James O. Robbins, a board member of Cox Enterprises and for 20 years its president, died yesterday.
Robbins joined Cox in 1983 and was named president in 1985. He also became CEO when Cox went public in 1995. He was elected to Cox’s board following his retirement in 2006.
Robbins led the company as it grew to become the third largest cable operator in the country, and more. Cox was among the first MSOs to branch into telephony and business services.
Under his leadership, Cox transformed itself into a corporate role model for fostering a diverse and inclusive workforce, delivering a superior customer experience and giving generously to the communities in which it operates, the company said.
“The passing of our dear friend and valued colleague is a sad event for me, my family and all the employees of Cox,” said Jim Kennedy, Cox Enterprises chairman and chief executive officer. “Jim embodied the spirit of our company – to do the right thing by the people the company touches – employees, customers, vendors, partners and the communities Cox serves. We will miss him terribly.”
Robbins was a mentor to his hand-picked successor, Cox President Pat Esser. Esser said, “I am deeply saddened by the loss of Jim Robbins. He was a friend, leader and mentor to countless people, including me, and is widely regarded as an industry pioneer who led our company with brilliant vision, courage and heart. Jim’s influence on Cox and everyone who had the honor of working with him will live on.”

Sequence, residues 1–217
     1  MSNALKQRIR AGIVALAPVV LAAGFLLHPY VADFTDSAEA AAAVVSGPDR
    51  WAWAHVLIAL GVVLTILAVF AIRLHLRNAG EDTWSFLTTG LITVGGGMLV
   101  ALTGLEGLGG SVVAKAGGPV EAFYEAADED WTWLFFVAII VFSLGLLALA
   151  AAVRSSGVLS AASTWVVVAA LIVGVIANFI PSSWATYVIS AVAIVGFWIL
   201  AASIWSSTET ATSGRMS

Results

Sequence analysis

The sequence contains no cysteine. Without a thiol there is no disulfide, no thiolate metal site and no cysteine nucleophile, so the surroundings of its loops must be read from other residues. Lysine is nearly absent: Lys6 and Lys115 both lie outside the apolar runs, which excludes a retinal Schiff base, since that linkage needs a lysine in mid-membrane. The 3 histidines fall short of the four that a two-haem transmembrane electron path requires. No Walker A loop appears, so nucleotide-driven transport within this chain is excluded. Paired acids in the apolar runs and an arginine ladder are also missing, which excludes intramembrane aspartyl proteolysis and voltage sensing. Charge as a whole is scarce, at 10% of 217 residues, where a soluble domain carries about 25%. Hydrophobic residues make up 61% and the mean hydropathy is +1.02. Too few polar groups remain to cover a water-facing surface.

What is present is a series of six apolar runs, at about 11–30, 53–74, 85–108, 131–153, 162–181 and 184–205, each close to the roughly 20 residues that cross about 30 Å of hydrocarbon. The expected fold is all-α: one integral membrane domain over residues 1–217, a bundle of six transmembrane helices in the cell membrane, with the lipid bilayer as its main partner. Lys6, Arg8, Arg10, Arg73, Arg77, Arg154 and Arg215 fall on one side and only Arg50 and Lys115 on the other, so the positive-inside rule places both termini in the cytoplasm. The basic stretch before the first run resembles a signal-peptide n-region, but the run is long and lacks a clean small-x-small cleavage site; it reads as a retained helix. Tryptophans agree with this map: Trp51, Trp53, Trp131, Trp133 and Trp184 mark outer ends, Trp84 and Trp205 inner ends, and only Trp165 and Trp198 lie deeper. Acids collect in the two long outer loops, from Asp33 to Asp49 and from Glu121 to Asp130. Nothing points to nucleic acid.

Robbins was a graduate of the University of Pennsylvania, with a BA in American Studies, and of Harvard University, where he earned an MBA. He served as a destroyer line officer and a gunboat flotilla public affairs officer during two tours of duty with the U.S. Navy in Vietnam from 1965 to 1967.
Early in his career, he was managing editor of WBZ-TV News in Boston. From 1972 to 1979, he served in various management positions for Continental Cablevision of Ohio Inc., and Montachusett Cable Television.
He joined Cox from Viacom, where he had been VP and GM for Viacom Cable of Long Island, N.Y., and then SVP of operations for Viacom Communications.
Cox hired him as vice president of its New York City operations in 1983. While at Cox, he served twice as chairman of the National Cable & Telecommunications Association (NCTA). He earned several industry awards, including the Vanguard Award for Distinguished Leadership in 1996. In October 2006, he was inducted into the Cable Television Hall of Fame.
He is survived by his wife, Debby Robbins; their daughters Jane Brooks Robbins, Payson Robbins Murray, and Hilary Robbins Thomas; his brother, E. Brooks Robbins; and his sister, Barbara R. Anderson.